In sum, therefore, the fact that the Pakistani courts relied exclusively on appellee’s evidence, without consideration of appellant’s evidence in support of allegations, did not, of itself, make it legally impossible for the Pakistani courts to have applied the best interest of the child test.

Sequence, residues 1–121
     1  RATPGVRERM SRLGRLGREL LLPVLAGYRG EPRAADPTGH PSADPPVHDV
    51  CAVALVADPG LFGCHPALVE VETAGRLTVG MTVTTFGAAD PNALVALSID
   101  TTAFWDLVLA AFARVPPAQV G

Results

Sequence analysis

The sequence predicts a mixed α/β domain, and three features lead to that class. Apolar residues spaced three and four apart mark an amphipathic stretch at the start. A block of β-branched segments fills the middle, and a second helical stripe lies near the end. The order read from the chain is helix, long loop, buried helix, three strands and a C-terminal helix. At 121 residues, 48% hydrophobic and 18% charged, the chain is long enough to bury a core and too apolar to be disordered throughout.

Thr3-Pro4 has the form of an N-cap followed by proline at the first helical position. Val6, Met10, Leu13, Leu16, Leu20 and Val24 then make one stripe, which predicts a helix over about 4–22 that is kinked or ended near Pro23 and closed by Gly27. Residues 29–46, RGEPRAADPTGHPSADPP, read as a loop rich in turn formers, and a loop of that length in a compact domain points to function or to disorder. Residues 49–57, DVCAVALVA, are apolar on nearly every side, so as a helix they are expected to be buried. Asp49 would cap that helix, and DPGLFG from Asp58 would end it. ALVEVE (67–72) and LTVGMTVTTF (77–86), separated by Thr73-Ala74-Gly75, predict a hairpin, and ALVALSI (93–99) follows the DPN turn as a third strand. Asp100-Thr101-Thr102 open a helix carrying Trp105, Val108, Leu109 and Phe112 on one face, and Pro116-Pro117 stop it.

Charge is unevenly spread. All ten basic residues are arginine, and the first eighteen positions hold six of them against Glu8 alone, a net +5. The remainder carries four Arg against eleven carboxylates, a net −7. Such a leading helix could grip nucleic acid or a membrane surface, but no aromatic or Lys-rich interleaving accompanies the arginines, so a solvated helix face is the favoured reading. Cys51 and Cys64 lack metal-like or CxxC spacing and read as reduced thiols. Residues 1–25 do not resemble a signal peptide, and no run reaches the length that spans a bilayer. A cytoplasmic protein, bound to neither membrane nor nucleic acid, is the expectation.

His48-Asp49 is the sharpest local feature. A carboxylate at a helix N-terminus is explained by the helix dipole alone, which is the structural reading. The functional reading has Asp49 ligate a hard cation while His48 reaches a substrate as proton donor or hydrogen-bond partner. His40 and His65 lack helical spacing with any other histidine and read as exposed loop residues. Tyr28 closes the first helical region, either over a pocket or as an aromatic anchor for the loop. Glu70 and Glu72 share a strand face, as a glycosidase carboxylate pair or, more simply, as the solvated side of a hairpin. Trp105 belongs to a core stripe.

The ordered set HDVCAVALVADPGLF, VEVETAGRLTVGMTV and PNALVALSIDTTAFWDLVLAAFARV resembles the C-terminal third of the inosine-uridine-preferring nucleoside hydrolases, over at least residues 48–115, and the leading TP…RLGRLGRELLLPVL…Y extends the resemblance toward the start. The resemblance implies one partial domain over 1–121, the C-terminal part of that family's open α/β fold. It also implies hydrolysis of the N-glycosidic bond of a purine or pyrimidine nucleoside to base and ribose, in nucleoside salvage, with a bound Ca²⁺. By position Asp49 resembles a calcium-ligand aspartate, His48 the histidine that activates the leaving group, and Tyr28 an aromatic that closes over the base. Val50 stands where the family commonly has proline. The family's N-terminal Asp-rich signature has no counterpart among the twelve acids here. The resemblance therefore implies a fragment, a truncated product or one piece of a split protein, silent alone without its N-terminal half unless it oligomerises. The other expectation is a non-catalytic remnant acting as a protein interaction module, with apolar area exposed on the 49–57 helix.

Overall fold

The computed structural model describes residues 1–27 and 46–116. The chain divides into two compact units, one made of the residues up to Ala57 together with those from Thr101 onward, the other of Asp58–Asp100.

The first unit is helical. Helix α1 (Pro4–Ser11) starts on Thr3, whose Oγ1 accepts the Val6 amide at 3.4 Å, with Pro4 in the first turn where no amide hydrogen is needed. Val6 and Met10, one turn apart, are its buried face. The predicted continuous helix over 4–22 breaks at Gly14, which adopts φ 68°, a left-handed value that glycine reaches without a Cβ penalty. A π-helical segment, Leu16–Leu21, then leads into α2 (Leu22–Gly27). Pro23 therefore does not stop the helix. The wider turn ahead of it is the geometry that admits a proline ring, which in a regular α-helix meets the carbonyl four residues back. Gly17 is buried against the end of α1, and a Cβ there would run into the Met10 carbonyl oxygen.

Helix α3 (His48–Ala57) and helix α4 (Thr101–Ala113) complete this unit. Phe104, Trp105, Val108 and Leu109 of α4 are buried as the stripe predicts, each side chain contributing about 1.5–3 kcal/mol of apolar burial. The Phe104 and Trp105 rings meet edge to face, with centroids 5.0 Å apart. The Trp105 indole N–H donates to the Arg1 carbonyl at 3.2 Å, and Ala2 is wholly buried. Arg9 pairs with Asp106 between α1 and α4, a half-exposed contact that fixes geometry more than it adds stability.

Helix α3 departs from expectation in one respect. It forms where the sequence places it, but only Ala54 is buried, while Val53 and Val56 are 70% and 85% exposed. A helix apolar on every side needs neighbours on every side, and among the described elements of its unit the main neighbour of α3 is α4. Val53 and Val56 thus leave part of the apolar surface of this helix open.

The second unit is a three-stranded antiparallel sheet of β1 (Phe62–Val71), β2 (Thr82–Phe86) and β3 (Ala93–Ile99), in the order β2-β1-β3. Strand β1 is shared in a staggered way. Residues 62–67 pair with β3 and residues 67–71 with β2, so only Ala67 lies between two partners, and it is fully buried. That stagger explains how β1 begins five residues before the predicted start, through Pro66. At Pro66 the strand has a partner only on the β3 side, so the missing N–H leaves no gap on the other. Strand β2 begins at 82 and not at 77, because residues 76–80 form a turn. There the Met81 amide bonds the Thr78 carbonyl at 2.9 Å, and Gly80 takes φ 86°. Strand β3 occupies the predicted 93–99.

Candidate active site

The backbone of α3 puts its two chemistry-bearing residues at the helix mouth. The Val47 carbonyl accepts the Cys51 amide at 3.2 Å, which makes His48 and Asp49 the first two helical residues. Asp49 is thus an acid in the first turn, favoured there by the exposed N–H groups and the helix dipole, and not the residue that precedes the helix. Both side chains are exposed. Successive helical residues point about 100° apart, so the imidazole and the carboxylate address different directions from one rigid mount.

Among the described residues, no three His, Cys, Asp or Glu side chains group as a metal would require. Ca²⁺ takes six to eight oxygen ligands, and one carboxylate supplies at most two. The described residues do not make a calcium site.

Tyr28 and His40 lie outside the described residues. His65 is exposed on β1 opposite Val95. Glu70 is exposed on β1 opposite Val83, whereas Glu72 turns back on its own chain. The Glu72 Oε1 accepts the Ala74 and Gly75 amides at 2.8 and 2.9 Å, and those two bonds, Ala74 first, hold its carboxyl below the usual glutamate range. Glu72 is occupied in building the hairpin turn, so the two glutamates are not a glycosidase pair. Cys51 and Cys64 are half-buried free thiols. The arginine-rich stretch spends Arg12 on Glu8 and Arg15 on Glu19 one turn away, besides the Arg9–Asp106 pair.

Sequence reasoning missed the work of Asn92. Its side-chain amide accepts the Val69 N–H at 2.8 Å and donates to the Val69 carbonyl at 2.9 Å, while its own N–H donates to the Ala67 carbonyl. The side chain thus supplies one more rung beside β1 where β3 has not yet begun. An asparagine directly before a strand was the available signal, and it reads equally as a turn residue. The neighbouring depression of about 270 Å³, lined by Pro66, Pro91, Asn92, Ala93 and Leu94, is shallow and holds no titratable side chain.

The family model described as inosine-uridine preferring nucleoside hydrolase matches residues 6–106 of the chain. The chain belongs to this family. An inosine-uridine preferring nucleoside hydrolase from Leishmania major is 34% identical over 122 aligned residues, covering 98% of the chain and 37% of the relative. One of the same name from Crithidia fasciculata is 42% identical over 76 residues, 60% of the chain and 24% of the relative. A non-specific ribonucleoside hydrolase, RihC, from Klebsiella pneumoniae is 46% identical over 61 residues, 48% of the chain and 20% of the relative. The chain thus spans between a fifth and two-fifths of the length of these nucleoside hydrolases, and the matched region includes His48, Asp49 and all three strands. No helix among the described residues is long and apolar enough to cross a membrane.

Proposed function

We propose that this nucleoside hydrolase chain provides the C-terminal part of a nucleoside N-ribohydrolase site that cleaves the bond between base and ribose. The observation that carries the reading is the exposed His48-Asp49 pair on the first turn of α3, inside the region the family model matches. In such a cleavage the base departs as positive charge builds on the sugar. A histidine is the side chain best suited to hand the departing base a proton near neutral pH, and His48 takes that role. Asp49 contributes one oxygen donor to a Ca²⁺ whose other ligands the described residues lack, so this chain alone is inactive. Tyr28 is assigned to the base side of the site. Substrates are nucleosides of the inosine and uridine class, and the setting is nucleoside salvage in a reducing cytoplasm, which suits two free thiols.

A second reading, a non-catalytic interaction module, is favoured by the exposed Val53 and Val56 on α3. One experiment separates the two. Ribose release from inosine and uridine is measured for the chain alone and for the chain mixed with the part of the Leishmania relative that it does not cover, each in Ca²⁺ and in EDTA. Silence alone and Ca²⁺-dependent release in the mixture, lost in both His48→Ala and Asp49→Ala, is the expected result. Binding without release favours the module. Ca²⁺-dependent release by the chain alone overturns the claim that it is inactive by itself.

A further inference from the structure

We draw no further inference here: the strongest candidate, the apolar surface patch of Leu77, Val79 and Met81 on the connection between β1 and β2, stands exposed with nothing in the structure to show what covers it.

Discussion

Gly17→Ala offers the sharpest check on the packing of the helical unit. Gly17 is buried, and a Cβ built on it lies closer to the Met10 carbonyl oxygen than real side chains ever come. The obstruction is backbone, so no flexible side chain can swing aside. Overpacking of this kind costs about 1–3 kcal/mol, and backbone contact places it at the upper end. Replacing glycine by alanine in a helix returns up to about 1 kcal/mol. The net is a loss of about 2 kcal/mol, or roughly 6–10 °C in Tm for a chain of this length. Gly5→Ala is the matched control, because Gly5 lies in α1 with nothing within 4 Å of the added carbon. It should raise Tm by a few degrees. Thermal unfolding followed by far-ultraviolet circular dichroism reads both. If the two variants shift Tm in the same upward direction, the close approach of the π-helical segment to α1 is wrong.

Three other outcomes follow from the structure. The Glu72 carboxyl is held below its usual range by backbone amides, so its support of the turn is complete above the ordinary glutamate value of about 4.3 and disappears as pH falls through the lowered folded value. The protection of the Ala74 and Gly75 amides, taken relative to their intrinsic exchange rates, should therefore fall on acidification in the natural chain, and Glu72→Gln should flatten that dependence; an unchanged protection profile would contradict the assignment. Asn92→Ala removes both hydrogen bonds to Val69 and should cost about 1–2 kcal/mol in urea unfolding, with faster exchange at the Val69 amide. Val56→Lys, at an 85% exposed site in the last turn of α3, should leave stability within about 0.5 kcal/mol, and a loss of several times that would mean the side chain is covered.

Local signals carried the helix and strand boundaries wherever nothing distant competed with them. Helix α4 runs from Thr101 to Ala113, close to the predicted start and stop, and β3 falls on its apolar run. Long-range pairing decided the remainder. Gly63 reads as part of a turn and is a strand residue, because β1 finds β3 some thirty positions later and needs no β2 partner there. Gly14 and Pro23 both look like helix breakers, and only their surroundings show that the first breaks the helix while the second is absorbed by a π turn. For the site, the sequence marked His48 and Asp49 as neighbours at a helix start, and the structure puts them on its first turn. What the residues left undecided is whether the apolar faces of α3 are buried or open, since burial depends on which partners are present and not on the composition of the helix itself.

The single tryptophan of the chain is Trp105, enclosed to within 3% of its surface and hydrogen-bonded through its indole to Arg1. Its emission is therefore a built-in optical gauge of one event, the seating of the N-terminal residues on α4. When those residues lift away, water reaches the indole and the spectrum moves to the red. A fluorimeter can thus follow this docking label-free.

We now address whether substantial competent evidence existed from which the circuit court could have determined that the best interest of the child standard was in fact applied in Pakistan. Preliminarily, we believe it beyond cavil that a Pakistani court could only determine the best interest of a Pakistani child by an analysis utilizing the customs, culture, religion, and mores of the community and country of which the child and—in this case—her parents were a part, i.e., Pakistan. Furthermore, the Pakistani court could only apply the best interest standard as of the point in time when the evidence is being presented, not in futuro, the Court having no way of predicting that the child would be spirited away to a foreign culture. In other words, how could a Pakistani trial court apply any other standard pre-supposing—as it was constrained to— that the minor child would continue to be raised in Pakistan under the Islamic culture and religion? Thus, faced with the facts of a Pakistani child of two Pakistani parents who had been raised in the culture of her parents all of her life, not only did the Pakistani court properly utilize the only mores and customs by which the family had been inculcated, but it used the only principles and teachings available to it at the time. The circuit court 1001*1001 was required to determine whether the best interest of the child standard was applied as a Pakistani court would have applied it utilizing the customs and mores indigenous to that society. In this regard, the circuit court, relying on the testimony of Justice Dogar, properly based its findings of fact on how a Pakistani court would have applied the best interest of the child standard. Hence, bearing in mind that in the Pakistani culture, the well being of the child and the child’s proper development is thought to be facilitated by adherence to Islamic teachings, one would expect that a Pakistani court would weigh heavily the removal of the child from that influence as detrimental. It certainly is not our task on this appeal to attempt to reorder the priorities of the Pakistani court in its analysis of undeniably legitimate factors bearing on whether the best interest of the child is served by granting custody to appellee.